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8.2 Some formal considerations

Before we proceed with a more involved example, let us formalize the procedure outlined above. We mainly follow the excellent treatment given in [124Jump To The Next Citation Point], although we restrict ourselves to the cases where š”Æ is a finite regular subalgebra of š”¤.

In the previous example, we performed the decomposition of the roots (and the ensuing decomposition of the algebra) with respect to one of the simple roots which then defined the level. In general, one may consider a similar decomposition of the roots of a rank r Kac–Moody algebra with respect to an arbitrary number s < r of the simple roots and then the level ā„“ is generalized to the “multilevel” ā„“ = (ā„“1,⋅⋅⋅ ,ā„“s).

8.2.1 Gradation

We consider a Kac–Moody algebra š”¤ of rank r and we let š”Æ ⊂ š”¤ be a finite regular rank m < r subalgebra of š”¤ whose Dynkin diagram is obtained by deleting a set of nodes š’© = {n1,⋅⋅⋅ ,ns }(s = r − m ) from the Dynkin diagram of š”¤.

Let γ be a root of š”¤,

∑ ∑ γ = mi αi + ā„“aαa. (8.12 ) iāˆ•∈š’© a∈š’©
To this decomposition of the roots corresponds a decomposition of the algebra, which is called a gradation of š”¤ and which can be written formally as
⊕ š”¤ = š”¤ā„“, (8.13 ) ā„“∈ā„¤s
where for a given ā„“, š”¤ā„“ is the subspace spanned by all the vectors eγ with that definite value ā„“ of the multilevel,
[h, eγ] = γ (h )eγ, la(γ) = ā„“a. (8.14 )
Of course, if š”¤ is finite-dimensional this sum terminates for some finite level, as in Equation (8.11View Equation) for š”°š”©(3,ā„ ). However, in the following we shall mainly be interested in cases where Equation (8.13View Equation) is an infinite sum.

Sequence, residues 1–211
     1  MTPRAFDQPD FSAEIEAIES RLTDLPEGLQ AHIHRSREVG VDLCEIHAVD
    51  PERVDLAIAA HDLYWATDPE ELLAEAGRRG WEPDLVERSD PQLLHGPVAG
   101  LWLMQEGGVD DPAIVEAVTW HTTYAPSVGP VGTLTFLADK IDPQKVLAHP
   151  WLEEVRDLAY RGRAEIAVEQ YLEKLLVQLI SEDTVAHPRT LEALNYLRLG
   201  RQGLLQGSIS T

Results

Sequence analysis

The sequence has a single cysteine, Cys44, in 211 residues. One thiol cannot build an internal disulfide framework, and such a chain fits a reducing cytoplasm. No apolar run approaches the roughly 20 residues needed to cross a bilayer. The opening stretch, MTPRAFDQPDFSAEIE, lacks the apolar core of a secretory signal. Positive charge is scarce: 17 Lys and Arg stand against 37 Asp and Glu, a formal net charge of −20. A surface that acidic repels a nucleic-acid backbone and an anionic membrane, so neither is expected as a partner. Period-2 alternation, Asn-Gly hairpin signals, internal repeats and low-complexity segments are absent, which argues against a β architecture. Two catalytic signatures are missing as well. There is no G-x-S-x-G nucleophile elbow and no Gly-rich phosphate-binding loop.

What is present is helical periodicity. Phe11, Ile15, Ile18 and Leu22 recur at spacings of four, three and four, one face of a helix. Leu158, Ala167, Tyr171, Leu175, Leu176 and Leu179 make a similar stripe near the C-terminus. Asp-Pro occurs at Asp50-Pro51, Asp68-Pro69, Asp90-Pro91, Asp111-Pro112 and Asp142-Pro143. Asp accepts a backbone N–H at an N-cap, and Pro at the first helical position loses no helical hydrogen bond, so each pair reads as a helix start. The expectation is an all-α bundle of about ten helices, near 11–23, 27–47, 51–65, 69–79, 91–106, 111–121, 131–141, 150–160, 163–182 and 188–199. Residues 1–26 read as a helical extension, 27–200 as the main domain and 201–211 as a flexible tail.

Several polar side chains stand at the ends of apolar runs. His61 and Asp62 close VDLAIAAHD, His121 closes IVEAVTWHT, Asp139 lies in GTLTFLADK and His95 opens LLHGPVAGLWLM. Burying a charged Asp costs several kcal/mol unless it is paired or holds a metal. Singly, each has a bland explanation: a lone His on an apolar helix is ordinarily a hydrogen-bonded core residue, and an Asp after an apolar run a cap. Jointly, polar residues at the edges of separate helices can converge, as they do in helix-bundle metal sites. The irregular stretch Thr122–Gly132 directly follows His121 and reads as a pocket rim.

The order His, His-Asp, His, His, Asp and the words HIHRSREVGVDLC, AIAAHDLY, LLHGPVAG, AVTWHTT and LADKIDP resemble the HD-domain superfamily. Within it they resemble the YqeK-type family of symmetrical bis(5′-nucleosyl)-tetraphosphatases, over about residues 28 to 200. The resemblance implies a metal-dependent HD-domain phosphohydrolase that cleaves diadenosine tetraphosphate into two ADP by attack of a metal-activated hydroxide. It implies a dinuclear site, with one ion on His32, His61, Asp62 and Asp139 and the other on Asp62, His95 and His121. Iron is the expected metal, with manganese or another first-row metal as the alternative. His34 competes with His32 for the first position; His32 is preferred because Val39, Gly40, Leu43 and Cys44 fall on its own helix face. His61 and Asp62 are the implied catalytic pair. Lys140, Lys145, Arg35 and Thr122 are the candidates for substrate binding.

We note for further reference that the following structure is inherited from the gradation:

[š”¤ ā„“,š”¤ā„“′] ⊆ š”¤ ā„“+ā„“′. (8.15 )
This implies that for ā„“ = 0 we have
[š”¤ ,š”¤ ′] ⊆ š”¤ ′, (8.16 ) 0 ā„“ ā„“
which means that š”¤ ā„“′ is a representation of š”¤0 under the adjoint action. Furthermore, š”¤0 is a subalgebra. Now, the algebra š”Æ is a subalgebra of š”¤0 and hence we also have
[š”Æ,š”¤ā„“′] ⊆ š”¤ā„“′, (8.17 )
so that the subspaces š”¤ā„“ at definite values of the multilevel are invariant subspaces under the adjoint action of š”Æ. In other words, the action of š”Æ on š”¤ ā„“ does not change the coefficients ā„“a.

At level zero, ā„“ = (0,⋅⋅⋅ ,0), the representation of the subalgebra š”Æ in the subspace š”¤0 contains the adjoint representation of š”Æ, just as in the case of š”°š”©(3, ā„) discussed in Section 8.1. All positive and negative roots of š”Æ are relevant. Level zero contains in addition s singlets for each of the Cartan generator associated to the set š’©.

Whenever one of the ā„“a’s is positive, all the other ones must be non-negative for the subspace š”¤ā„“ to be nontrivial and only positive roots appear at that value of the multilevel.

8.2.2 Weights of š–Œ and weights of š–—

Let V be the module of a representation ā„›(š”¤) of š”¤ and Λ ∈ š”„ ā‹†š”¤ be one of the weights occurring in the representation. We define the action of h ∈ š”„š”¤ in the representation ā„› (š”¤) on x ∈ V as

h ⋅ x = Λ(h)x (8.18 )